DISCLAIMER: Information and resources found on the aed.com website and blog are intended to educate, inform, and motivate readers to make their health and wellness decisions after consulting with their healthcare provider. The authors are not healthcare providers. NO information on this site should be used to diagnose, treat, prevent, or cure any disease or condition.

 

Will law enforcement administer CPR if they arrive before EMS?

Will law enforcement administer CPR if they arrive before EMS?

Will law enforcement administer CPR if they arrive before EMS?

For many medical or trauma-related emergencies like accidents, overdoses, shootings, and 911 emergency calls, law enforcement officers are first on the scene. But will they administer CPR before EMS arrive? The answer is a little complicated.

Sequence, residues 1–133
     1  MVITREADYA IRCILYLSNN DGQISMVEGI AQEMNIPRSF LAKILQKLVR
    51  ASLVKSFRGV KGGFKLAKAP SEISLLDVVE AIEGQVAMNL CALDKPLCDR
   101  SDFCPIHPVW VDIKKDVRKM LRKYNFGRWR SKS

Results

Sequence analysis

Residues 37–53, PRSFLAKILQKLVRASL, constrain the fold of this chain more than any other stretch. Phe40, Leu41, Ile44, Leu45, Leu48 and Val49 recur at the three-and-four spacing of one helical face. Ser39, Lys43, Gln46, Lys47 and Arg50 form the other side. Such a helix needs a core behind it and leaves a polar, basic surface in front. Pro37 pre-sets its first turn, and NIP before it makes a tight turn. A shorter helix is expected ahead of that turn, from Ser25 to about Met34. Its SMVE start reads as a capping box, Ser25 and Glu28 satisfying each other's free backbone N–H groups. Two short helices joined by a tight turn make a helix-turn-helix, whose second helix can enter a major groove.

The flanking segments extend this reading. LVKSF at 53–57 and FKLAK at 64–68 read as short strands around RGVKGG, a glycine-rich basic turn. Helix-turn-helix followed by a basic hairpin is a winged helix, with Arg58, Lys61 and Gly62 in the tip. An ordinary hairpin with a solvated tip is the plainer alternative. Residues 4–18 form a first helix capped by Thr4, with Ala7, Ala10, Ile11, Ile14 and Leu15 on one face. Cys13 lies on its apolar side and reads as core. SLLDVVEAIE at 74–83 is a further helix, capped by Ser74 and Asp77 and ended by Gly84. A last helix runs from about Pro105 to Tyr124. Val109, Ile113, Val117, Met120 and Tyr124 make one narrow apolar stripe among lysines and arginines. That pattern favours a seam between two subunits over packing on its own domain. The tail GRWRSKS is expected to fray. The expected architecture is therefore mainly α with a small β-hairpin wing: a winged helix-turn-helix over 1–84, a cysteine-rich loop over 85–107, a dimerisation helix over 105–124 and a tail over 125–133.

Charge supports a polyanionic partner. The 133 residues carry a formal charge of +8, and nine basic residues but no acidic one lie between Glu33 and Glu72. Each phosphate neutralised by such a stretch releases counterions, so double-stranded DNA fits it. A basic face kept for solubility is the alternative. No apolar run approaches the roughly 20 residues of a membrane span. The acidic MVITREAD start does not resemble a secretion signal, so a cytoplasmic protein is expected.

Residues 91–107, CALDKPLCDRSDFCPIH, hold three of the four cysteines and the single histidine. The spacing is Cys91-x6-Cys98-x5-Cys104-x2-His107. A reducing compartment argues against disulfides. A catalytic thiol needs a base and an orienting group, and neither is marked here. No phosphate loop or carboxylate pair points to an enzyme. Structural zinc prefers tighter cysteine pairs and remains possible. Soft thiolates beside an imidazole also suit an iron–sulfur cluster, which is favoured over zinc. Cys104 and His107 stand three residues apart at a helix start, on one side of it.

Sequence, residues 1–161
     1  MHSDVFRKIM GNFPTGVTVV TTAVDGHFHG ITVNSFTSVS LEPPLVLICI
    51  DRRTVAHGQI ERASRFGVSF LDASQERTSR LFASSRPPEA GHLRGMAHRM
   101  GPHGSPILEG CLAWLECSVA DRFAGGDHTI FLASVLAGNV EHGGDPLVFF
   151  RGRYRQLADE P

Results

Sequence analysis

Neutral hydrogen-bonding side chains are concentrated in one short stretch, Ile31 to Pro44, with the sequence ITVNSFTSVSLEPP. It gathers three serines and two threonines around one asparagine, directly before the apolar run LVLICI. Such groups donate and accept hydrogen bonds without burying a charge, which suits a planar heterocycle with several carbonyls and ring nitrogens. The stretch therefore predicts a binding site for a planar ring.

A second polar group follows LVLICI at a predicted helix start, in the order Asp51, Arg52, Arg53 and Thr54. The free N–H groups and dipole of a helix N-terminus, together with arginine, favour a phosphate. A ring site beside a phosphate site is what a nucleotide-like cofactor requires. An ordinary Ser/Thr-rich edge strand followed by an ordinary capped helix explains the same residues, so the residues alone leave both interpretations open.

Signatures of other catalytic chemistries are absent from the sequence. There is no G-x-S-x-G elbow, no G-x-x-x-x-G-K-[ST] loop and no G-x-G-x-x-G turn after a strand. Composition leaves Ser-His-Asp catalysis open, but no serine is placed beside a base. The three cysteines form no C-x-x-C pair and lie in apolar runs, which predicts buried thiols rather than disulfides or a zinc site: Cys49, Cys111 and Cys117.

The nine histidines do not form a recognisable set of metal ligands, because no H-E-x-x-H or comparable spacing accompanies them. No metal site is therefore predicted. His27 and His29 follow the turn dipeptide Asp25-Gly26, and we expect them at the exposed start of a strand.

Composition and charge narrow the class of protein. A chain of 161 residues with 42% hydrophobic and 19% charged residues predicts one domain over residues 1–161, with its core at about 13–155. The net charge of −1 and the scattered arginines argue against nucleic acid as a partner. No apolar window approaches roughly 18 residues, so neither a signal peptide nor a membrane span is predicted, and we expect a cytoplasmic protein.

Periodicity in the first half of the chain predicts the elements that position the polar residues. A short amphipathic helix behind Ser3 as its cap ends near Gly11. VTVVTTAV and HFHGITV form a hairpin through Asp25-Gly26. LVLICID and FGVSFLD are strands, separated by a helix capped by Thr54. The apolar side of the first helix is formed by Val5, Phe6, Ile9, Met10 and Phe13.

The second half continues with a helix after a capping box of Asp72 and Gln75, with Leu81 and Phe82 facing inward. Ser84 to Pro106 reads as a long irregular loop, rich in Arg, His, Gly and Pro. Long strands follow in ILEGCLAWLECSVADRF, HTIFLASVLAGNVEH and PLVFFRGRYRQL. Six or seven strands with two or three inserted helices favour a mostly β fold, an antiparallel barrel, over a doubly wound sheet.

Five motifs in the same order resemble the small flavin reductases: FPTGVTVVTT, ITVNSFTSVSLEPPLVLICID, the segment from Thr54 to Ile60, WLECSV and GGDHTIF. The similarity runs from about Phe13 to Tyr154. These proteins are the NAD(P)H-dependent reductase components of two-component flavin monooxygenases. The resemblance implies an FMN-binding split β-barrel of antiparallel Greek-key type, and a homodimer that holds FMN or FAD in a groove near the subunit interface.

Because police officers are on roving, decentralized patrol around-the-clock they’re often able to respond to calls more quickly than firefighters or other EMTs. And, unlike firefighters or EMT teams, law enforcement officers can leave non-emergency to respond to more pressing situations.

Performing CPR and defibrillation with an AED within the first 3-5 minutes can dramatically increase survival odds, it makes sense for law enforcement officers to administer CPR and arrive on the scene with an automated external defibrillator (AED).

Each year, more than 350,000 Americans experience an out-of-hospital cardiac arrest (OHCA) and only 41% receive bystander CPR. Equipping law enforcement vehicles with automated external defibrillators and ensuring that officers are trained in CPR and AED use allows lifesaving interventions to be delivered as quickly as possible. 

However, this isn’t always the case. The answer to “will law enforcement officers administer CPR if they arrive before EMS” is: it depends on the department’s policy.